Sebastian K. Hickey

All of this is very useful to me.

Promotion should be brand centric until there's something else to publicise...  I've been consumed with the uncertainty of pre-product promotion, which seems the fool's path now that you've shared your experience.

As far as branding goes, I'm a bit shy to the whole phenomenon.  I've subscribed to the podcast that Dan pointed towards and I've joined the Story Games forum.  I'm going to hunt these for nuggets of wisdom.  In the mean time, thanks for your generosity guys.



If I may ... as my product is a vaporware !!!

I'd like to point out that "branding" (in the sense described above) is a good for you (or for any publisher).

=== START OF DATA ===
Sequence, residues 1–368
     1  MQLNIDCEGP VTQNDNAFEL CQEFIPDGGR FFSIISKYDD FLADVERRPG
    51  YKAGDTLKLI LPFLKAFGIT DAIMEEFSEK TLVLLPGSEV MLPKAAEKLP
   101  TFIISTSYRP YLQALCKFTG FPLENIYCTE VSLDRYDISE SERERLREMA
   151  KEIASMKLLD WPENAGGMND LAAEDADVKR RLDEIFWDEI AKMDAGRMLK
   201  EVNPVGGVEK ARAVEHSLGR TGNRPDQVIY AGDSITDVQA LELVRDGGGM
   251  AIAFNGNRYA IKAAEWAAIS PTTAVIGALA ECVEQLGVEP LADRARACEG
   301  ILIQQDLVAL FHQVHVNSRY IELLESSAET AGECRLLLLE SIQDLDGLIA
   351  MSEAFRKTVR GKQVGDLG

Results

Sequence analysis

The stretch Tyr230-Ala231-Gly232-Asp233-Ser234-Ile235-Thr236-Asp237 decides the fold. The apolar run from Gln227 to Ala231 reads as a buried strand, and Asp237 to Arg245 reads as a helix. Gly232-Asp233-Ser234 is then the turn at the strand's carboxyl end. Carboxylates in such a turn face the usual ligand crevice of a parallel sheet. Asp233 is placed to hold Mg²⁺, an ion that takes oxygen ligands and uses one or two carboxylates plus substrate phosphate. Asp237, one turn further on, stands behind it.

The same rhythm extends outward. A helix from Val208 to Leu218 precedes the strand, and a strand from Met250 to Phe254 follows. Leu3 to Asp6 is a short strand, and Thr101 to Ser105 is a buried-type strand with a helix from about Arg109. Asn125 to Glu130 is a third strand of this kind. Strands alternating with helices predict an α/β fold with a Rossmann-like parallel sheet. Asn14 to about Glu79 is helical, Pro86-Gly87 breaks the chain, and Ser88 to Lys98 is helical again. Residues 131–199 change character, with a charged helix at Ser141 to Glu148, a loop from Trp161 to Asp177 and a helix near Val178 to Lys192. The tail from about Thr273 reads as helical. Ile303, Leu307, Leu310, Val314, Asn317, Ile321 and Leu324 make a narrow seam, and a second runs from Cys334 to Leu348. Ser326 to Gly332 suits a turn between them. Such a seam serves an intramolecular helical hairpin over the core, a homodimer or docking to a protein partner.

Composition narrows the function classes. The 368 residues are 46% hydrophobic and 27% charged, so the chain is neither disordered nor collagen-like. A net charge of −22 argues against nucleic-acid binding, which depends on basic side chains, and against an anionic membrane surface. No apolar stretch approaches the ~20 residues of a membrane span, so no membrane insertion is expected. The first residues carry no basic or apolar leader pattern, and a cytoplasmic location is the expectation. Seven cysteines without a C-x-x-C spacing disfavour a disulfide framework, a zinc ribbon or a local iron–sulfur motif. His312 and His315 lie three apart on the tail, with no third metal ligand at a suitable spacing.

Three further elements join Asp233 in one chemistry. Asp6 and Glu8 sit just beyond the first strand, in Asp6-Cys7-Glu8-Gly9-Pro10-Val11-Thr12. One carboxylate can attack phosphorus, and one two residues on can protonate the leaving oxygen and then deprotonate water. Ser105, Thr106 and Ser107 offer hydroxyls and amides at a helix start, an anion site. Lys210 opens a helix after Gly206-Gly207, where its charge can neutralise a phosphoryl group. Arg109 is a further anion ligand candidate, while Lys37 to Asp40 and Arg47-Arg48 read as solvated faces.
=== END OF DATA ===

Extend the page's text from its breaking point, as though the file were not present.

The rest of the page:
Speaking for myself, while "branding", I definitely learned how to describe my product, know the way it is different from others, how to present it, to whom I shall market it. Those are, in my opinion, very important soft skills to develop.
Also, please try to remember that the internet as a "long memory" (or a long tail, if you prefer). So, while "branding" I came up with a teaser, wrote a blog for three years (it has not been active for two years) and I even did a rmap !!!
As strange as it may seem, and I can't explain why, I still get around 30 to 40 downloads of the teaser each month and around 80 downloads of the rmap. So, in a sense, the work is not lost.

Even if at some point, you might look "bad" ; for instance, on my teaser it is written "coming out in 2006 !!!" ; which doesn't look to good ... I think it is worth it.